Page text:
The best way to get the nutrients from vegetables is to eat them whole – with the fiber intact. If you don’t like the texture and taste of the whole vegetable, celery juice is a welcome change.
Summing It Up…
Celery juice is a craze among health lovers. It packs almost all nutrients as celery, the whole vegetable. Drinking it on an empty stomach can relieve GERD, acidity, and constipation.
When blended with other fruits and vegetables, celery juice can be a yummy breakfast smoothie or an evening drink that is filling yet low in calories. Make yourself a small batch of celery juice and observe if your body shows any signs of photosensitivity.
Write to us how your detox drink turned out. If you liked this read, send us your feedback, comments, and recipes with celery.
Let’s detox with veggie drinks this summer!
- “A Review of the Antioxidant Activity of Celery (Apium graveolens L)” Journal of Evidence-Based Complementary & Alternative Medicine, US National Library of Medicine.
- “Celery Juice: Detoxify Your Body & Heal Your Gut” SWIHA Blog, Southwest Institute of Healing Arts.
- “3 Ways to Improve Gut Health with Whole Foods” Recent News, Bastyr Health, Bastyr University.
- “The effect of hydro-alcoholic celery (Apium graveolens) leaf extract on…” Avicenna Journal of Phytomedicine, US National Library of Medicine.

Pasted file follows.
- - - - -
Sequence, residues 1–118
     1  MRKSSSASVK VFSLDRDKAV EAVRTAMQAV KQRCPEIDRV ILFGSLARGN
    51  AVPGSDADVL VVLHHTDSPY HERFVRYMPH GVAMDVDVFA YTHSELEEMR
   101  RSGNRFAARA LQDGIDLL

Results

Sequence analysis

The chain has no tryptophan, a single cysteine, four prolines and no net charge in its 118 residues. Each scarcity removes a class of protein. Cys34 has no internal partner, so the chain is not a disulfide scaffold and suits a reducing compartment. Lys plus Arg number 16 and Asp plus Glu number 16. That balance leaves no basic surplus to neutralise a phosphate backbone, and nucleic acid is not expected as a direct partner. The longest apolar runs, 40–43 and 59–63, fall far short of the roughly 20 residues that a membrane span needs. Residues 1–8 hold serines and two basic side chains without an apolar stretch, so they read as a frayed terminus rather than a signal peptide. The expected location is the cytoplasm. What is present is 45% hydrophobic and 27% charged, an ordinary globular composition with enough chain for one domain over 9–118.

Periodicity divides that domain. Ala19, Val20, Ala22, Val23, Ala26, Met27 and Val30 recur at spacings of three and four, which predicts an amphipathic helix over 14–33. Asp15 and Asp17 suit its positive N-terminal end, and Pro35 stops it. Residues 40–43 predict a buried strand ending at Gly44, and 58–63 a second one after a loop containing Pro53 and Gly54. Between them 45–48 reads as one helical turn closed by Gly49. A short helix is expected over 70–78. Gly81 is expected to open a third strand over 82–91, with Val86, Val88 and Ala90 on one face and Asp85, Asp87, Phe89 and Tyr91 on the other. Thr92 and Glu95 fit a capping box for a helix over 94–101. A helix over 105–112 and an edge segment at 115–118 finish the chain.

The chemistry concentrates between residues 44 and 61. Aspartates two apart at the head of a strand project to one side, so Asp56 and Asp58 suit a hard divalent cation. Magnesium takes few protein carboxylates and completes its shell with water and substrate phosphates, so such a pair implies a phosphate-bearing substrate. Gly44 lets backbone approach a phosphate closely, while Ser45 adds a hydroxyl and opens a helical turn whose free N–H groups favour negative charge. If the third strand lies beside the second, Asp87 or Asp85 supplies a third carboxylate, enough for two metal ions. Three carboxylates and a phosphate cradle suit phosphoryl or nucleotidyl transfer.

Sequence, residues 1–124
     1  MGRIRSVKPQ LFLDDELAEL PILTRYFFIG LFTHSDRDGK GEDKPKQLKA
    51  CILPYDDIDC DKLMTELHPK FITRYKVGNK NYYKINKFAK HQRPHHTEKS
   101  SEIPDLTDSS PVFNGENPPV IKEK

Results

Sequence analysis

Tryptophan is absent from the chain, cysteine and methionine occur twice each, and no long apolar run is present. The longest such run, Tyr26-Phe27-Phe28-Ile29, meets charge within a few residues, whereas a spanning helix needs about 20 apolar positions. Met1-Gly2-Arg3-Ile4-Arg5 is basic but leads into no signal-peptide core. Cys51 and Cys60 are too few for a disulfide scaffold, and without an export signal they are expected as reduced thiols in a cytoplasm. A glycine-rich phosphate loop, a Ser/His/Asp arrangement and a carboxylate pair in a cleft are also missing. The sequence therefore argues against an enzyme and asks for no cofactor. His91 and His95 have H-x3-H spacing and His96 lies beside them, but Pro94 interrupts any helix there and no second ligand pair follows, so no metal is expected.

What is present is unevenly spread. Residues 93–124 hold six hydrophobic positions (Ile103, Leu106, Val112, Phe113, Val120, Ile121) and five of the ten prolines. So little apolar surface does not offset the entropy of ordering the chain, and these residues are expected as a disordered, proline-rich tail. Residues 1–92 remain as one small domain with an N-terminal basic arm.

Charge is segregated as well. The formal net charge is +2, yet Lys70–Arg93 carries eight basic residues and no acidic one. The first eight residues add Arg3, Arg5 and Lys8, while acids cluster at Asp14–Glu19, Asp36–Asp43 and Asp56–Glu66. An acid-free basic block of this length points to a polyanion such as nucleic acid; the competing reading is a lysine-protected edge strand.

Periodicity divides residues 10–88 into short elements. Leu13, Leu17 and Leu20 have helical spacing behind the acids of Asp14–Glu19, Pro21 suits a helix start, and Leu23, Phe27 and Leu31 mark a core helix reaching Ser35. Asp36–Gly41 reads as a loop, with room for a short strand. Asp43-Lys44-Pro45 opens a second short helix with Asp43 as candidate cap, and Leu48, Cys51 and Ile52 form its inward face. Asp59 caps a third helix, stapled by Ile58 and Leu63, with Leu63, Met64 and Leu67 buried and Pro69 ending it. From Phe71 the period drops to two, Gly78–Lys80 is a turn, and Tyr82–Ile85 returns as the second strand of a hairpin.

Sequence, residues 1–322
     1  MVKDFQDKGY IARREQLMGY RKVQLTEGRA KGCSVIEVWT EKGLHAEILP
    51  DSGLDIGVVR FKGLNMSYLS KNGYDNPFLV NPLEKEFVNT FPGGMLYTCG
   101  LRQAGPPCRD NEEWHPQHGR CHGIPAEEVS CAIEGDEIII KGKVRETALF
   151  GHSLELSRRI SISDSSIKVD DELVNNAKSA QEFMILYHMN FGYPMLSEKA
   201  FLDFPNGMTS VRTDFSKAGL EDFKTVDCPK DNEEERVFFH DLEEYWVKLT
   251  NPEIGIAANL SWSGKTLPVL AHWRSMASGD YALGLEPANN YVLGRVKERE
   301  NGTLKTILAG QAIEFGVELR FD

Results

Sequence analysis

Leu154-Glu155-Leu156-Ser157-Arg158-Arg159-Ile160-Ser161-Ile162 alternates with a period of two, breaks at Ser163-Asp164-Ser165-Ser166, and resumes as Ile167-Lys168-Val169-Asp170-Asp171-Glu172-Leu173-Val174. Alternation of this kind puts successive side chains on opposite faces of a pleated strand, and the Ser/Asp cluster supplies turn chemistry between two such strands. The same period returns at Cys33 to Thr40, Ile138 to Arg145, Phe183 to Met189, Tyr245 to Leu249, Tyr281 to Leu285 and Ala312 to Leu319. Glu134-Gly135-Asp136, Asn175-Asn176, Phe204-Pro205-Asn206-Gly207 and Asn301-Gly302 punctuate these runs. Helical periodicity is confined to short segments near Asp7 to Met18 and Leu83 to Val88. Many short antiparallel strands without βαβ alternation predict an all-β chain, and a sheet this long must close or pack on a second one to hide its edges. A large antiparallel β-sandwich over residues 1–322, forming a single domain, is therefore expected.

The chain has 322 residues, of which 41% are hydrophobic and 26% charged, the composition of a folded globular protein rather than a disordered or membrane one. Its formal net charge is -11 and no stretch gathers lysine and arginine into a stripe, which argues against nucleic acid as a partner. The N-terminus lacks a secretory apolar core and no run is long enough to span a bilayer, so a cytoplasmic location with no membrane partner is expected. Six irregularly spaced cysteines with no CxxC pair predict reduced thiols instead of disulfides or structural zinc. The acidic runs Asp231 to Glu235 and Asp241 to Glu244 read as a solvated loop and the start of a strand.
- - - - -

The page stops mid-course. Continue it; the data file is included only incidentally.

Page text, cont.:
- “Is Green Juice Healthy?” SiOWfa15: Science in Our World: Certainty and Controversy.
- “Inflammation” College of Veterinary Medicine, University of Georgia.
- “Effects of Juice Processing on Anti-inflammatory Flavonoids…” Department of Food Science and Technology, The Ohio State University.
- “Hepatoprotective effect of feeding celery leaves mixed…” Pharmacognosy Review, US National Library of Medicine.
- “Fruit and Vegetable Consumption and Their Polyphenol Content Are…” Nutrients, US National Library of Medicine.
- “Neuroprotective effects of apigenin against inflammation, neuronal…” Scientific Reports, US National Library of Medicine.
- “10 Veggies and Fruits to Juice for your Skin” Student Blog, Cinta Aveda Institute.
- “Nutraceutical Effects of Curcuma, Ginger, Celery, Yeast…” World Applied Sciences Journal.
- “An Updated Phytopharmacological Review on Medicinal Plant…” Pharmacognosy Review, US National Library of Medicine.
- “HYPOLIPIDEMIC HERBALS WITH DIURETIC EFFECTS…” Supplement Issue: Biological Science, IIOAB Journal, Academia.
- “Effects of aqueous extract of celery (Apium graveolens L.)…” Avicenna Journal of Phytomedicine, US National Library of Medicine.
- “Acid-alkaline balance: role in chronic…” Alternative Therapies in Health and Medicine, US National Library of Medicine.
- “The Alkaline Diet: Is There Evidence That…” Journal of Environmental and Public Health, Hindawi Publishing Corporation.
- “A tropical skin eruption” The Canadian Journal of Infectious Diseases, US National Library of Medicine.
- “Nutritional Management of Kidney Stones (Nephrolithiasis)” Clinical Nutritional Research, US National Library of Medicine.
- “Is Celery Powder Bad for You?” Health & Nutrition Letter, Tufts University.